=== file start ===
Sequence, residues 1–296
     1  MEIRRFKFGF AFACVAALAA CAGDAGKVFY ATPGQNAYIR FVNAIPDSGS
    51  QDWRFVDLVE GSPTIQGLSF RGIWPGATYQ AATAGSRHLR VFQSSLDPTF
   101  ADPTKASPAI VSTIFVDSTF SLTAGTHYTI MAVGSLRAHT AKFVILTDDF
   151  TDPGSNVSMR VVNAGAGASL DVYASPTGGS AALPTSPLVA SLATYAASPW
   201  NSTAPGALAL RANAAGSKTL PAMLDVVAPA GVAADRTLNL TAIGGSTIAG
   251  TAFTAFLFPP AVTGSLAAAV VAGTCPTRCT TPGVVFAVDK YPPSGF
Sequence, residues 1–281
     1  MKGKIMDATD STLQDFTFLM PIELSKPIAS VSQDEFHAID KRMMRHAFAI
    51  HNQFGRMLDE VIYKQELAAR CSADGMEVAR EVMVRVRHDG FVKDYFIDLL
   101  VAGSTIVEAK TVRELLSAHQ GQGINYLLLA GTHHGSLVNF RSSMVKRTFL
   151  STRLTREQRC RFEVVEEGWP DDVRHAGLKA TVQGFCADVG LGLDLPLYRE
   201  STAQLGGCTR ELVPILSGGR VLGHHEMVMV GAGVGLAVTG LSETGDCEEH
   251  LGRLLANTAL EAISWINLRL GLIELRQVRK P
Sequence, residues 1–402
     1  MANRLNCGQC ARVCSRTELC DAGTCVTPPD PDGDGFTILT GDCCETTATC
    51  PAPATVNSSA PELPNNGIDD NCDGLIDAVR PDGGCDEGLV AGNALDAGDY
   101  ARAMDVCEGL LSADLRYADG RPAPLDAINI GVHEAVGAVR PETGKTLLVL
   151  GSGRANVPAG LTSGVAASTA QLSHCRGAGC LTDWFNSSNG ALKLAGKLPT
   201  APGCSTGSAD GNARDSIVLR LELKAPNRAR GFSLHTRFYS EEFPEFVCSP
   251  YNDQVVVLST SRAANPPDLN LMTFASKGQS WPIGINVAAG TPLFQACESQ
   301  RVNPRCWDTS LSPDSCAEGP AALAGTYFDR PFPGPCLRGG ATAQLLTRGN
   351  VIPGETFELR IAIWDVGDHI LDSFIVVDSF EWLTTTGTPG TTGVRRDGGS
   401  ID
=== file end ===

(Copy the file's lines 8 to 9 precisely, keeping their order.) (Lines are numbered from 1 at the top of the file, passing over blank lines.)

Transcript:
Sequence, residues 1–281
     1  MKGKIMDATD STLQDFTFLM PIELSKPIAS VSQDEFHAID KRMMRHAFAI